Psychological Science 2018, (2) 337-343 DOI:     ISSN: 0412-1961 CN: 21-1139/TG

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Keywords
Developmental dyscalculia
numerical magnitude processing
the impaired access deficit
the transformation of symbol and non-symbol number magnitude
Authors
ZHANG Li
JIANG Hui
DIAO Li
PubMed
Article by Zhang,l
Article by Jiang,h
Article by Diao,l

The Impaired Transformation Ability between Symbolic and Non-symbolic Numerical Magnitude for Developmental Dyscalculia

Abstract

Developmental dyscalculia (DD) is a special category of learning disability, with almost 3%-6% school-age children affected in the world. DD children have two basic features: (1) the development of number processing and calculating lags heavily behind normal achievement (NA) children; (2) other cognitive abilities, such as intelligence, verbal ability and working memory, develop well. DD has negative effects on children not only in learning but also in daily life. Children who suffer DD are frustrated a lot when learning mathematics, leading to their negative attitude to mathematics. The relationship between children and their teachers or parents also can be hurt awfully. In addition, DD will influence children’s career in the long run. The cognitive mechanism of DD has sparked some controversy among researchers. The defective number module hypothesis proposed that humans were born with a “number module” and used an internal “numerosity code” that represented and manipulated numerosities exactly. The children with DD might suffer from a “defective number module” which led to a range of difficulties in learning arithmetic. However, some different voices could also be heard. For example, Roussell found that the Arabic number processing was badly impaired among DD children. At the same time, the non-symbolic number processing kept intact for DD children. Thus, Roussell proposed the access deficit hypothesis, and he insisted that DD children had difficulty in accessing number magnitude from symbols rather than in processing numerosity per se. In the current study, we used a number comparison paradigm to explore the cognitive mechanism of DD. Nineteen second graders with DD and twenty six NA second graders completed the experiments. In the experiment 1, participants were asked to compare numerical magnitude under three different number formats conditions (non-symbolic, symbolic , mixture of non-symbolic and symbolic). The results showed that symbolic rather than non-symbolic numerical processing was impaired in DD children. Furthermore, the transformation of symbolic and non-symbolic number magnitude was also terribly impaired. In the experiment 2, Chinese characters were used instead of dots materials. We designed this to verify whether 1) Chinese characters processing was damaged among DD children; and 2) the impaired transformation existed in two different symbolic number magnitude. However, results indicated that a deficit was found in Chinese characters processing and there were no evidences supporting the transformation impairment between Chinese characters and Arabic numbers in DD Children. Therefore, the impaired transformation existed only in symbolic and non-symbolic numbers. Our results have important implication in both theory and practice for studying on DD. Theoretically, the results favor the impaired access deficit hypothesis, based on impaired symbolic number processing ability and intact non-symbolic processing. Meanwhile, for the first time the current study finds that the transformation ability between symbolic and non-symbolic number magnitude of DD children is weakened. Practically, our findings would be beneficial for interventions of DD children. The transformation ability is so important that the curriculum designed for DD children should focus not only on symbolic number processing, but also on how to establish strong connection between non-symbolic and symbolic magnitude.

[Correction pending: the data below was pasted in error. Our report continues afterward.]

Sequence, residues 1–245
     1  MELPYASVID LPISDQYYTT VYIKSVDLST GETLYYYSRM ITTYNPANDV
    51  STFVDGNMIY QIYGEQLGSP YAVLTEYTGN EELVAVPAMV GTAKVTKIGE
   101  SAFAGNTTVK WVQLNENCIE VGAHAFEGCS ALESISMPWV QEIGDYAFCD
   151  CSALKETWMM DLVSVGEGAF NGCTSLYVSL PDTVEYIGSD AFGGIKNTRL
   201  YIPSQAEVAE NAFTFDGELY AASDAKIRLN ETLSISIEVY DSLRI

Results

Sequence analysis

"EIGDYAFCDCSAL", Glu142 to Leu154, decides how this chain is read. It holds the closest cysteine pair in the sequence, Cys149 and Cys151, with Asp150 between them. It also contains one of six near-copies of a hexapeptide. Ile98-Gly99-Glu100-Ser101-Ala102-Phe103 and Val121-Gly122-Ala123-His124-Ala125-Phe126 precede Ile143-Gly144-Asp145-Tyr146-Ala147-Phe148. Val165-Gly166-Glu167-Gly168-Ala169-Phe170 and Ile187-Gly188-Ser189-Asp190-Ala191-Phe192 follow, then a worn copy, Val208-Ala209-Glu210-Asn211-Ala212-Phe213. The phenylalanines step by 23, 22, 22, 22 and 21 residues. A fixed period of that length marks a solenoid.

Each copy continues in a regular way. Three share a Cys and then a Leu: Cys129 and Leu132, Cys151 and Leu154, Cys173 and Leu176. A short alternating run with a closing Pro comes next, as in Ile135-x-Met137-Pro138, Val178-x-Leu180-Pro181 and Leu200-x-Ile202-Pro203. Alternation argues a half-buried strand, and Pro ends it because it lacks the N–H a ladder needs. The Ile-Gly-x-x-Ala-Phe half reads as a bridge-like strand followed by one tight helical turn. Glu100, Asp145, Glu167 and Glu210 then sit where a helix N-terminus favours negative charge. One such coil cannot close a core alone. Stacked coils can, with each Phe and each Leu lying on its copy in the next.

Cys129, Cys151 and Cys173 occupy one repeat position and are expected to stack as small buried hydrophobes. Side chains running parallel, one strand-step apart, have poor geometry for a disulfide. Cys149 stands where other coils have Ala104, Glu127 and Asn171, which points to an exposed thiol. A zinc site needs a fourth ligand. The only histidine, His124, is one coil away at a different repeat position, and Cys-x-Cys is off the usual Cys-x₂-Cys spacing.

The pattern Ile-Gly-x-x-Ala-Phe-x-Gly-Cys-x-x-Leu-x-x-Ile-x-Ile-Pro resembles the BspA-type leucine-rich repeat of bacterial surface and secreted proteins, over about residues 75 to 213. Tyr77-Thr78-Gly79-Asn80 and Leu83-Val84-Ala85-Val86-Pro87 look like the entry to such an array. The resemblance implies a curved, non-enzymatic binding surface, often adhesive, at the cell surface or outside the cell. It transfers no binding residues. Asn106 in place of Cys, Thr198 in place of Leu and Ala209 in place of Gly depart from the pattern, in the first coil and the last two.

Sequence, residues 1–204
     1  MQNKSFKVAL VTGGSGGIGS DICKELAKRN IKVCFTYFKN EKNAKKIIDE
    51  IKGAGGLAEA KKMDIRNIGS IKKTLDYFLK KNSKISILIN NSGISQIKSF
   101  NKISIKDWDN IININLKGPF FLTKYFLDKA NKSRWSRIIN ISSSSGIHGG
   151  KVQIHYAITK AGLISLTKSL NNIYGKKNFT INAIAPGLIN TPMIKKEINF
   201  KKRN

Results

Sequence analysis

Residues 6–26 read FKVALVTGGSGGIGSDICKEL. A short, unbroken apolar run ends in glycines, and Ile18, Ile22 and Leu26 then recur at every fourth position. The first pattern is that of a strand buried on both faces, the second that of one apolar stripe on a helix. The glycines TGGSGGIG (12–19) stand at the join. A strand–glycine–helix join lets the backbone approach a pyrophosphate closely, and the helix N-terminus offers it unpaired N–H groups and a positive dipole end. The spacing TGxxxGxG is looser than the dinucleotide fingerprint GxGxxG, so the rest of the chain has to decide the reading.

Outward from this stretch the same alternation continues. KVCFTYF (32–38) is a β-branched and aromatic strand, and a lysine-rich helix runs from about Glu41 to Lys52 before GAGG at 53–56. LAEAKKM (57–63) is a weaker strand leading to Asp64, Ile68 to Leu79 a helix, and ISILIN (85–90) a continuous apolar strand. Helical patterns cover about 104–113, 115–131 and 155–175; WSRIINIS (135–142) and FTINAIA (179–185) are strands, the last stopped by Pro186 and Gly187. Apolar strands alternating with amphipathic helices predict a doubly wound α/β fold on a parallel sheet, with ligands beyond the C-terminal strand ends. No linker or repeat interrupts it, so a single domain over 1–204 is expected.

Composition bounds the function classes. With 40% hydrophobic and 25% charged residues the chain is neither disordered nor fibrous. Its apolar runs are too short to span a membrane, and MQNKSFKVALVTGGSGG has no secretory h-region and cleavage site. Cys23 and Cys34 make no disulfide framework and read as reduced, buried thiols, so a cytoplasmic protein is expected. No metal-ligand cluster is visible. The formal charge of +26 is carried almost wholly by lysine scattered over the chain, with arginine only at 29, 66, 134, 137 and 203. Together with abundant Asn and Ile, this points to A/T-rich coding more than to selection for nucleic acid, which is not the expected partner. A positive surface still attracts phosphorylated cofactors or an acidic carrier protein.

Keywords Developmental dyscalculia   numerical magnitude processing   the impaired access deficit   the transformation of symbol and non-symbol number magnitude  
Received 2017-03-19 Revised 2018-01-03 Online: 2018-03-20 
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